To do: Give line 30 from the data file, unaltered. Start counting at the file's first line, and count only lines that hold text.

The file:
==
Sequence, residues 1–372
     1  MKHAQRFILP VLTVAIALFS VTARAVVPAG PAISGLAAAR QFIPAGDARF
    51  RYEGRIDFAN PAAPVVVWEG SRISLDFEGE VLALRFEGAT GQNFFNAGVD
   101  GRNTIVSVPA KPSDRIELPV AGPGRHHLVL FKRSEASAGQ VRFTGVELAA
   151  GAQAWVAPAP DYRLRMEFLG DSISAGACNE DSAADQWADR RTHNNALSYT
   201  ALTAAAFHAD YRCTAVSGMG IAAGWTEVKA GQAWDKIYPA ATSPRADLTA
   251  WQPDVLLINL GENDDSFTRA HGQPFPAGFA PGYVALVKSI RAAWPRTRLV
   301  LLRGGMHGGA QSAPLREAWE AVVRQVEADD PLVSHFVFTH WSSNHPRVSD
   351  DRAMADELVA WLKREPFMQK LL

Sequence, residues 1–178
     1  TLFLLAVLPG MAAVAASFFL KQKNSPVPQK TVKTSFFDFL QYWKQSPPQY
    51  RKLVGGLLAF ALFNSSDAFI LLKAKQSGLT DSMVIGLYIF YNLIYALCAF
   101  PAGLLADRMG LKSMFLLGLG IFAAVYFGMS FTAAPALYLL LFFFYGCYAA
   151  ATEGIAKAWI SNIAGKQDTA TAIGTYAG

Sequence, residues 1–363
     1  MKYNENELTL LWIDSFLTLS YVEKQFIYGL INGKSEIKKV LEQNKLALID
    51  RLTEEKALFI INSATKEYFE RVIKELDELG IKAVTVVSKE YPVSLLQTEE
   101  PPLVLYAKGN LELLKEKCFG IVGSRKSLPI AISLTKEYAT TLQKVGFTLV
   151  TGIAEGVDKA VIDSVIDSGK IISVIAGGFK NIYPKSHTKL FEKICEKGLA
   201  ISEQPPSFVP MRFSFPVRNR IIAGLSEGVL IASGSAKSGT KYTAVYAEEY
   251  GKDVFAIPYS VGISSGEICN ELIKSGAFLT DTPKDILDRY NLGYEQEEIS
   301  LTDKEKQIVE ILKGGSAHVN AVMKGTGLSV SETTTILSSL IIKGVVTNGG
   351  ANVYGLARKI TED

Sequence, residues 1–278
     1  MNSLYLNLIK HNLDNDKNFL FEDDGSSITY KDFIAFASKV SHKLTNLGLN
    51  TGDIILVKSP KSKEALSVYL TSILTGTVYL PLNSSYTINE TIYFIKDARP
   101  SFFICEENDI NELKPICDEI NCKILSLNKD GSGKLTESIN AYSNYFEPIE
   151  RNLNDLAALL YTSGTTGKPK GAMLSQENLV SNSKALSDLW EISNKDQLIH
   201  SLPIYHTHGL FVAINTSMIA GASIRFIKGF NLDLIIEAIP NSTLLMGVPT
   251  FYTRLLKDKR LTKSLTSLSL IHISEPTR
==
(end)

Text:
   251  FYTRLLKDKR LTKSLTSLSL IHISEPTR